1. maxwell says:

      Interesting, with the collapse of the high street , churches and reduced need for post offices and banks there is certainly going to be a need for new centres for socialisation. I understand that Denmark has a voluntary church tax to maintain buildings and social centres and much else besides. We live in interesting times.

      1. Pub Bore says:

        Yes, I see it as an opportunity to return our high streets to residential use. Almost all of the retail units in my nearest settlement are former townhouses and cottages. A bypass would also help the town’s residents to reclaim their high street, which is currently used as part of a major trunk road, for pedestrian use; a place where weans could play and adults congregate in their leisure time, should they so choose.

        As part of this reclamation, they might also replant the plane trees that were cut down during the ‘streetscaping’, which was undertaken by distant government to enhance the high street as a commercial zone (and, incidentally, increase the flow of traffic through the town’s ‘bottleneck’).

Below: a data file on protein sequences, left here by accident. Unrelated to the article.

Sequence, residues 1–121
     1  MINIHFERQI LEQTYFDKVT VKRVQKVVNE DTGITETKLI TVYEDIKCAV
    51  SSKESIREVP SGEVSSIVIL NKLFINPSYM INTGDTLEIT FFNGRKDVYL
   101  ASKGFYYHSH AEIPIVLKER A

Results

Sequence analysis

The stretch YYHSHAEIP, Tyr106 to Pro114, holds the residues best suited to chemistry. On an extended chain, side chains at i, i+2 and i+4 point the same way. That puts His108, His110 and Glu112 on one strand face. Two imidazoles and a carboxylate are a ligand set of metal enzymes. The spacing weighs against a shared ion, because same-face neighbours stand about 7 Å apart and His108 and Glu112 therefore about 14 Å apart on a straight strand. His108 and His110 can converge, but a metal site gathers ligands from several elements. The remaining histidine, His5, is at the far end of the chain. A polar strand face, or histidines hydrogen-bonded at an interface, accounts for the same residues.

Understandably, however, the town’s conservative commercial interests tend to be agin sic changes and to lobby government accordingly.

      2. Pub Bore says:

        Think of the collapse of commerce on the high street as an opportunity to reclaim that public space for other forms of association. Perhaps people could still meet under the plane trees rather than in the bank.

  13. Wul says:

    I used to bank with the last independent bank in Scotland (or perhaps UK?), the Airdrie Savings Bank.

    Chosen specifically for its lack of razmatazz and simple, straightforward approach; customers goes in and is served by a knowledgable staff member in privacy. Manager (even more knowledgable and experienced) on hand to deal with any problems. I was even interviewed in person by the manager before being allowed to open a business account, to check my bona fides.